Shoestring journalism


Last week, one of our two functional desktops crashed. It has been serving us for God-knows-how-many-years. The old model Macbook Pro donated to us that we use for video editing is also showing signs of retirement. Our hard disk could no longer be read.

Over the radio, our dear friend and contributor Raymund Villanueva of DZUP’s Sali na, Bayan!, while interviewing our reporter Janess Ann Ellao about her coverage of the San Juan demolition, blurted out how poor we are as a media organization that we could not even offer him merienda whenever he visits the office.

For ten years, has been surviving on meager resources and relying on donations, some from unknown readers. We only have one DSLR and one Flip camera, which we bought from cash donations. Some two years ago, one of our friends who requested not to be named gave us a handy video camera. We use our own laptops and/or borrow digital cameras during coverage and press work.

One time, a student journalist approached me during coverage. He told me he is reading and I thanked him for doing so. Then, he asked me how much our salary is. I was surprised by his question but I told him honestly that we get a volunteer allowance and it is more a labor of love. He then said, “Ay! Gusto ko pa naman sanang mag-alternative journalism.” (I would have wanted to practice alternative journalism.) Not wanting to discourage him, I said he could write for other publications on the side to earn income but it seemed he was no longer listening.

We get by despite the limitations, but we still want to do more.

As much as we want to, we could not, for example, always respond to invitations to cover fact-finding missions in Mindanao or elsewhere due to financial constraints.

Fresh journalism graduates sent applications to us but we could not hire them simply because we do not have the means to pay them a decent salary. There are only six of us writing full time for and there are too many significant stories waiting to be written.

I think the same is true for other alternative media groups like Pinoy Weekly, Kodao Productions, Tudla Productions, Mayday Productions, among others. I shared the pain felt by my colleagues at Pinoy Weekly when they had to stop printing due to financial problems. Pinoy Weekly, the only Filipino newspaper after the Estrada administration that does not fall into the pit of sensationalism and sex-and-violence type of stories and tackles political and social issues, has developed a readership among the urban poor, workers, farmers and other C-D classes. While it has gone online, its other readers could now seldom hold copies of their issues.

Of course, we also have our joys. received awards and recognition for some of our investigative stories. Every now and then, we get cheers from media watchdog Center for Media Freedom and Responsibility (CMFR) for our coverage. Last month, an ambassador of a Latin American country whom I met in a gathering said she reads and she likes At a workshop I attended last year, a veteran and multi-awarded journalist told me she finds our stories good. Reporters and public affairs and documentary programs of dominant media groups read the site for reference.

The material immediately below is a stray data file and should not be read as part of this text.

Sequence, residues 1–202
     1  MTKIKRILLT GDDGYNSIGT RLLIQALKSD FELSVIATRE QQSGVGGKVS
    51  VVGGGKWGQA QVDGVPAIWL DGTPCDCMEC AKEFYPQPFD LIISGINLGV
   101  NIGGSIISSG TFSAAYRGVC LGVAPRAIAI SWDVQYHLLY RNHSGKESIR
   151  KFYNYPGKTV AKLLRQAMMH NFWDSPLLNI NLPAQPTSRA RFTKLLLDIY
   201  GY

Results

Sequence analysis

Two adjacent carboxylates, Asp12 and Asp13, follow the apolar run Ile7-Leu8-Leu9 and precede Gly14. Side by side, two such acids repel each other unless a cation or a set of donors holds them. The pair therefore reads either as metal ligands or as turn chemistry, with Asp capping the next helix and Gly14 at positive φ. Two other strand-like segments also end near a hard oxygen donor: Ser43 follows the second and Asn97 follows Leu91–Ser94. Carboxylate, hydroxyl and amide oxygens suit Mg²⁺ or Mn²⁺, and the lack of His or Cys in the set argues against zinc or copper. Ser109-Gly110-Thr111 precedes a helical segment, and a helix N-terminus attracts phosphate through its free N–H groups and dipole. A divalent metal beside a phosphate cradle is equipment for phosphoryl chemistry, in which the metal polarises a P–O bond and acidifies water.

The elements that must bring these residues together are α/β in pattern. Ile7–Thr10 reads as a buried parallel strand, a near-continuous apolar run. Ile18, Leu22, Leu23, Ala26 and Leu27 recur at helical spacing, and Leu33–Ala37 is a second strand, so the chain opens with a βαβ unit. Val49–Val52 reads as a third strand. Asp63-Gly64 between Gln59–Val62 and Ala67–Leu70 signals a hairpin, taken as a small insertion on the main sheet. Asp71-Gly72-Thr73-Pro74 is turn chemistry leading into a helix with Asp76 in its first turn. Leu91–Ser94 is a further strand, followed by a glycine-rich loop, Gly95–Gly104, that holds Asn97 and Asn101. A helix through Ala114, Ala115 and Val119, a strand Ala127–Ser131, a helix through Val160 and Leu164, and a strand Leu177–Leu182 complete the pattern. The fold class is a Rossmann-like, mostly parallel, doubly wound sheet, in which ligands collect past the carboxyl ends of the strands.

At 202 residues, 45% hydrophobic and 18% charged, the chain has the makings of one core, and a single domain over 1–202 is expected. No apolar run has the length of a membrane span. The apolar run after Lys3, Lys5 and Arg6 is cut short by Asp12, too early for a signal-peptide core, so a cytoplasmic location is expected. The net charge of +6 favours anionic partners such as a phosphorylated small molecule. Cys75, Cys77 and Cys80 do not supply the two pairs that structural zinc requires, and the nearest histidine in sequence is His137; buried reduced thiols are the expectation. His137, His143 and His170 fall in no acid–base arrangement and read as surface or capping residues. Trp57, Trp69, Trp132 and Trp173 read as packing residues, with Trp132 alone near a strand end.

But to me, the most flattering of all is the appreciation coming from the “small people” we interview.

One time, I printed a story I wrote about how farm workers of Hacienda Luisita raised their children amid their miserable conditions and handed a copy to one of them. Ate Pong said, “Ay! Ingles pala.” but she nevertheless thanked me. She would hug me or kiss me whenever she sees me.

A mother of a missing activist told me she always forwards our stories to international human rights groups and other networks abroad. Another relative of the disappeared commented on one of my Facebook posts, saying, “Len i know you’re with us along the way…thank you for always being around….”

I would like to share this to the young man who asked me — there is more to life than money. Satisfaction is something that cannot be bought.

I remember an anecdote Mrs. Edita Burgos told me during their We Forum days. We Forum is an anti-Marcos paper put up by the late Jose Burgos Jr. Mrs. Burgos, who was then in charge of the finances of the publication, said there were many times when allowances were delayed. When only coins were left in the pockets of their reporters and everybody was complaining about bills to pay and other expenses, one would exclaim, “Para sa bayan!” (For the motherland!) and they would all raise their fists and resume working.

Even as we do not raise our fists, I think we share the same passion. Yes, may be poor and our pockets are sometimes empty but we are rich in love for alternative journalism – the kind that amplifies the voice of the marginalized especially when the dominant media do not pay much attention to their issues.

As Mrs. Burgos herself said, nothing has changed since martial law and so, the need for alternative journalism not beholden to corporate interests, persists. (

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  1. Please start asking followers, readers, supporters and allies to pay for subscription fee. You can start with $10 for expats. I am willing to give my share.

    More power!

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